PHOTO COURTESY OF GARRY KESSLER
American redstart male. Females and first-year males are gray with yellow, instead of red-orange, on their breast, wings, and tail.
May 28, 2021, Page 7A
By Annie Reid
Westborough Community Land Trust
Redstarts are one of our warblers
Once again, it's warbler month – the merry month of May – when small colorful warblers pass through our area on their way to breed in insect-filled environments farther north. Yet some, such as American redstarts, are "our" warblers because they stay to nest and breed.
American redstarts (Setophaga ruticilla) are named for their red tails, with "start" as an old word for "tail," but males and females are colored differently. Males are jet black with red-orange patches on their breast, wings, and tail. Females have a similar pattern but are gray with yellow patches. Some confusion is possible, though, because first-year males are also gray and yellow, like females. These young males are mature and ready to breed, but they won’t get their mature black and red-orange colors until their second year.
Redstarts make good use of their colors. Both males and females often fan their tails and flash their colorful wing patches as they hop and flit about branches and twigs, hunting insects. This behavior can startle their insect prey into moving – and getting captured. If you catch a glimpse of this behavior, it's a clue that you might be watching a redstart.
Fanning and flashing also come in handy when rivals – typically male – face off near the boundary of a territory. And of course, showing off their colors by fanning and flashing can be part of attracting a mate. When it comes to reproduction, the most intensely colored males tend to be the most successful. A few males might even set up two territories and have two mates and families. Yet the gray first-year males are less lucky and more likely to go without a mate.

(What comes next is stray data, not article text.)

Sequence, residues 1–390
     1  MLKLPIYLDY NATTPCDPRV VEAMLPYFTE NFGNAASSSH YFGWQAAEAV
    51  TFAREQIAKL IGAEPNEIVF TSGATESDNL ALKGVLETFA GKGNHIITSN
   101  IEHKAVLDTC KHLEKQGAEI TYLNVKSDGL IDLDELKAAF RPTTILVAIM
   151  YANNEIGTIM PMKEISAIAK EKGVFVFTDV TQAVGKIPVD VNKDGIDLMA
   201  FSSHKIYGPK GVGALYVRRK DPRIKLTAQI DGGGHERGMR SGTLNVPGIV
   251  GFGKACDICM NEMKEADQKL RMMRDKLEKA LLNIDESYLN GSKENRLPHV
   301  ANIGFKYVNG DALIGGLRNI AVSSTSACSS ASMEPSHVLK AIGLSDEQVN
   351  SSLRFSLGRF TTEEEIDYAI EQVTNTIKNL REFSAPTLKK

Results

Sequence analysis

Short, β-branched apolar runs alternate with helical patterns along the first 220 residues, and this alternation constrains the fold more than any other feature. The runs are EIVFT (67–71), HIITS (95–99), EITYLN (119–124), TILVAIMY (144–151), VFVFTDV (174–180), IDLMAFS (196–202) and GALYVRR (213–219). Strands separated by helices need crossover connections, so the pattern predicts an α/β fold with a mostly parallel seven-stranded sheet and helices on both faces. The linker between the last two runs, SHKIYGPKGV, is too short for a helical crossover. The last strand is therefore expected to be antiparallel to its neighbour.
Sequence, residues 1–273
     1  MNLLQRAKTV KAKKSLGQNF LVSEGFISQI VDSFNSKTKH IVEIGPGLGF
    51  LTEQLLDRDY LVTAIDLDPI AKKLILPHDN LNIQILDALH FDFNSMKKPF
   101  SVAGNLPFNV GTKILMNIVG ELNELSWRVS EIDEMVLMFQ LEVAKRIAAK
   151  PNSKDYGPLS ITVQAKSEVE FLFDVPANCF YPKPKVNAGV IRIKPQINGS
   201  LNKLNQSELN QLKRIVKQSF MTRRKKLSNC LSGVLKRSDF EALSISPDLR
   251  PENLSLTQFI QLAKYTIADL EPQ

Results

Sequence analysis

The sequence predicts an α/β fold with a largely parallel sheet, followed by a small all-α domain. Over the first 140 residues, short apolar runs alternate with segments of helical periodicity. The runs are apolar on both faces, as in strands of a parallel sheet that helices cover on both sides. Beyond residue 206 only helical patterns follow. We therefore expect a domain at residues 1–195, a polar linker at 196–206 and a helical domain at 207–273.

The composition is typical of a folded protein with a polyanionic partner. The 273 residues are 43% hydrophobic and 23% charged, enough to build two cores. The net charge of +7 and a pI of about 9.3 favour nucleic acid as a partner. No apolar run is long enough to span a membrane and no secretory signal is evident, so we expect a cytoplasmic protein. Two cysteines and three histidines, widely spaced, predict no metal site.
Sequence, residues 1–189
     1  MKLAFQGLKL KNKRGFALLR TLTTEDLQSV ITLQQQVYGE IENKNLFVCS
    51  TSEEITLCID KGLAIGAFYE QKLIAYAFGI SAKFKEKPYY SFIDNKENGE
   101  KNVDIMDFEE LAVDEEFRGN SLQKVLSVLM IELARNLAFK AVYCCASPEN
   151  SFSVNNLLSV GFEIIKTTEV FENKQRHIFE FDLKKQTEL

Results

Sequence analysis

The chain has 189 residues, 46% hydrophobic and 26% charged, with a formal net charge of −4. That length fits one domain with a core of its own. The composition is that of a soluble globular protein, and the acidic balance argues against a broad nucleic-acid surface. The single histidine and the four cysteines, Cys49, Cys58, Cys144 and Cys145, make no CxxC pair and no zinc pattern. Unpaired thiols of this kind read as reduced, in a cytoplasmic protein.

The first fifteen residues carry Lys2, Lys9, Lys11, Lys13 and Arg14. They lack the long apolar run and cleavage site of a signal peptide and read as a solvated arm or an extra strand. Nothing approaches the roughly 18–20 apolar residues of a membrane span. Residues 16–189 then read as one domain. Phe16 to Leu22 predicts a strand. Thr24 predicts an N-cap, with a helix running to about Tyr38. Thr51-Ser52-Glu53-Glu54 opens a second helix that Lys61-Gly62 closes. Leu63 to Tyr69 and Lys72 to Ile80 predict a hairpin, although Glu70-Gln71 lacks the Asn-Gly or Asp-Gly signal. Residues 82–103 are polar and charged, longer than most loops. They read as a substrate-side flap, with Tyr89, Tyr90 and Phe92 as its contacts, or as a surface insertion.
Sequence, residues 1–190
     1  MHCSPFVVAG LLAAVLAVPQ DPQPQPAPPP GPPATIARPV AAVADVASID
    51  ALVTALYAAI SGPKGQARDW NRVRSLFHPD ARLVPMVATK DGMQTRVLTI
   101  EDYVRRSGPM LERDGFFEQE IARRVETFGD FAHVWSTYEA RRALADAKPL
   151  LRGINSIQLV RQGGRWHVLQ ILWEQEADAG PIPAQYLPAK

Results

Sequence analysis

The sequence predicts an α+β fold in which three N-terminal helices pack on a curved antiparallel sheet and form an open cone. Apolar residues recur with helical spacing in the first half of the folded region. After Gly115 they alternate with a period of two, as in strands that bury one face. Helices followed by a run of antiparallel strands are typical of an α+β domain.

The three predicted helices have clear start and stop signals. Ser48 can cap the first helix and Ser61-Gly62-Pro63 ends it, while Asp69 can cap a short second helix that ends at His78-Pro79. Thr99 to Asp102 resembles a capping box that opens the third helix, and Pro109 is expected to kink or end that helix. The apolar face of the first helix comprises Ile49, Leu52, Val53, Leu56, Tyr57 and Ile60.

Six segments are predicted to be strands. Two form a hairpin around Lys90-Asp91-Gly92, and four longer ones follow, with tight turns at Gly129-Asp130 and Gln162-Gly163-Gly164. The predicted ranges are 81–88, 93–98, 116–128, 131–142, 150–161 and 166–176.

Where might you find redstarts? Look for trees with vines near water. Trails along wooded, shrubby edges of ponds or wetlands are promising. These days it’s not hard to find tall trees covered with Asian bittersweet vines, poison ivy vines, or grapevines. Redstarts forage for insects at low as well as high levels, so they can be easier to see than many other warblers. They also usually nest below 15 feet.
Redstart males announce themselves by song. They're not the only birds you might hear singing near a vine-covered tree, but they sing energetically and usually continue to sing as long as they're here. They sing two types of song, consisting of 2-11 high-pitched notes. One type has a slurred ending, and the other is plain. (Listen at https://www.allaboutbirds.org/guide/American_Redstart/sounds.)
Our redstarts are with us about two months, just long enough to raise a family. They take up to a week to build a nest, up to about two weeks to incubate 3-4 eggs, and up to about two weeks for chicks to mature enough to leave the nest. Then parents still feed them for up to three weeks. But by mid-July they'll probably be gone. Redstarts winter in the Caribbean, Mexico, central America, and northern South America. They can be found among mangroves and on shade-grown coffee plantations.
Enjoy looking and listening for redstarts while they're here. Remember that they are forest birds, and we’re fortunate to have the second-growth forests that they like, as well as numerous ponds and swamps. But things can change. As development leads to increasingly fragmented forests in our area, we risk losing habitats that they favor.